Fair enough. Del Mastro’s Burkean sentiment is one many conservatives can agree with. Can doesn’t mean should, however. Conservatives are anti-ideology because ideology often demands purity and logical conclusion, which leads to zany and bloody things like dispatching millions in pursuit of material equality. And in a foggy, potentially catastrophic, situation like a rapidly spreading lung-clogging bug, it’s practical to batten down the hatches.
But we’re two years on from the days of bathing groceries in disinfectant. COVID has not only proven enduring, but also endemic. We have vaccines, which render non-association dictates useless. The science of masking remains questionable at best. Requiring children don masks in school—a practice absent in other industrial countries—hinders social development.
At this point, practicality dictates that the immunocompromised and Twitter hypochondriacs stay shut in for life, if they so choose. Live and let live, tolerance, plurality, horses for courses, and all that.
But there’s something missing from bare health considerations, which is what Reno and Schmitz were driving at. Just as how, in Ian McGilchrist’s cerebral formulation, the left brain’s material focus needs the right brain’s holistic modeling, governing needs to be both grounded in everyday concerns as well as high theory. Practice needs purpose. If that sounds obscure, that’s because I’m trying to describe something ineffable. Values, morality, and teleology are all difficult to pin down via language, which evolved first to suit base communication, not facilitate grad-seminar arguments over natural law.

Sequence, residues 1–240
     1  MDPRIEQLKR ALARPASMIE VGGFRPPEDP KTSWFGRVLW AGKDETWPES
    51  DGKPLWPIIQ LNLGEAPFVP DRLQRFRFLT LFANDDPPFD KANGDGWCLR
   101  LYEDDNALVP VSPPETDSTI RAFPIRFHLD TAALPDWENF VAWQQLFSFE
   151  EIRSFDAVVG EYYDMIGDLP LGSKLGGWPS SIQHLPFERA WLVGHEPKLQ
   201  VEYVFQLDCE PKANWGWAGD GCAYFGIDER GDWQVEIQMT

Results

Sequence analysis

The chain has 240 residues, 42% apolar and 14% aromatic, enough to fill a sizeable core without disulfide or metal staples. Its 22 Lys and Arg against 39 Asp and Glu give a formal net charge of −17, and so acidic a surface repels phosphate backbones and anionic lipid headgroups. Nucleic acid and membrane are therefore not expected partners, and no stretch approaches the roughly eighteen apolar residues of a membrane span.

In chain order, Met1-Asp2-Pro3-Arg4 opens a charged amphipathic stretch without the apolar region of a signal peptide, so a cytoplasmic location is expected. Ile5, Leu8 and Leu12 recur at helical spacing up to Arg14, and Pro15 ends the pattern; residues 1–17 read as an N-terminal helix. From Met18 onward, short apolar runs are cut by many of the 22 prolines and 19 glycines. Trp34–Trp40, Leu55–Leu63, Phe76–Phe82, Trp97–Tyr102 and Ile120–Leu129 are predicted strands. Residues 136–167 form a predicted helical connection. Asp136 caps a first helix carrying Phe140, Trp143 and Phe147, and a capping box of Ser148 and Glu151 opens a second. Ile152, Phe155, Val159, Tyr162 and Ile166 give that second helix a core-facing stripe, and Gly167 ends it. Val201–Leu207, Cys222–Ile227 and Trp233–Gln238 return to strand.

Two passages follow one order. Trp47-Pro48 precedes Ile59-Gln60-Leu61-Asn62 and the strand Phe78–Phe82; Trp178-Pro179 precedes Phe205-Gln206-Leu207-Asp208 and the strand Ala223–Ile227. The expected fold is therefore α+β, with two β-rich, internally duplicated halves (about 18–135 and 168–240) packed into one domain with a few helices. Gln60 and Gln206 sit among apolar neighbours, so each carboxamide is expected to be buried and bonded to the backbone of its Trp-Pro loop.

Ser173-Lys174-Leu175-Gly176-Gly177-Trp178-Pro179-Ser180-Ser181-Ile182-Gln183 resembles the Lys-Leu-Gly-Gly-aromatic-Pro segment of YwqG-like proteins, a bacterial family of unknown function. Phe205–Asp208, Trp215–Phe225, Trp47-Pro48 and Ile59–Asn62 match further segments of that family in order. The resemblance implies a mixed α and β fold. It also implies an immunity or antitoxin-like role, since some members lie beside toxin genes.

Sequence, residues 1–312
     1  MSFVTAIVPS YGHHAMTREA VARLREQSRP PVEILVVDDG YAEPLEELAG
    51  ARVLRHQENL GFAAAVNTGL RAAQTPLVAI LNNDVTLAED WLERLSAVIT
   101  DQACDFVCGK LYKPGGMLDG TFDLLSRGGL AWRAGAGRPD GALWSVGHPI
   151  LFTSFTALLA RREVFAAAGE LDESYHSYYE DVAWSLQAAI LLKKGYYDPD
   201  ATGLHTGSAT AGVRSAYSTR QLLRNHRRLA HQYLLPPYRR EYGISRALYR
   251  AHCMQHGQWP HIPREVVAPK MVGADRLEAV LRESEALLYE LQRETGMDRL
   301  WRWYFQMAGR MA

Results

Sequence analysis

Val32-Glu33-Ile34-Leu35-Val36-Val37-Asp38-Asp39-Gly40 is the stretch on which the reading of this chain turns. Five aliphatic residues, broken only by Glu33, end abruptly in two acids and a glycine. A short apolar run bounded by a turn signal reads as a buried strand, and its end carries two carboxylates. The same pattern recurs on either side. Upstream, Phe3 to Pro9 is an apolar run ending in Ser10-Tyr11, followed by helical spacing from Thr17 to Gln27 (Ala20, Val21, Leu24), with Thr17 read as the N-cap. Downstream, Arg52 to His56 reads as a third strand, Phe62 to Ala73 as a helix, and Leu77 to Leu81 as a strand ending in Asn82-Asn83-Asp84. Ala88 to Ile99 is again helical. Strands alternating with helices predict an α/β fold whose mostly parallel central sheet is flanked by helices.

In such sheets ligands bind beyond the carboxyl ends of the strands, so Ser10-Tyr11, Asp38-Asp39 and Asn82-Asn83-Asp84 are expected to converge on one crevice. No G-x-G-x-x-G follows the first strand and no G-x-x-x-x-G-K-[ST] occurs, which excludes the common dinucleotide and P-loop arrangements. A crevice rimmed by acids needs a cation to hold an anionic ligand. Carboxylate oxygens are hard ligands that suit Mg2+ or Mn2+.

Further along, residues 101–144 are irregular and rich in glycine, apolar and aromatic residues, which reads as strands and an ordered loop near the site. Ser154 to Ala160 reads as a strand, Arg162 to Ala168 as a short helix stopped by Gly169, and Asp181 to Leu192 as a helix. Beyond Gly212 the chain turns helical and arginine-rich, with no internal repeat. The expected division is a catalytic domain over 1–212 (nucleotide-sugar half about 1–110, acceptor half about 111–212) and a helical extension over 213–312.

What Del Mastro doesn’t want to hear are loftier arguments about freedom, and how government restrictions can imperil personal liberty in the long term. But America was built on those arguments—the disputations between federal and decentralized power is at the heart of our Constitution. Control-freak executives like Governor Andrew Cuomo massed their authority in COVID’s wake without any guarantee they’d surrender it when the virus subsided. Even in life-or-death situations, the metaphysical arguments that undergird our rights shouldn’t be paused. Every war-waging dictatorship in the 20th century was established on the back of an emergency. It’s naïve to assume it can’t happen in America.
Abstruse discourse may not seem practical in the present, but, like the Carter Family sang, you’ll miss it when it’s gone. Does Del Mastro enjoy removing his shoes at the airport? Twenty years after Richard Reid tried firing his Skechers, that tricorner-wearing gentleman in breeches and a doublet yammering about the Fourth Amendment may not seem so crankish after all.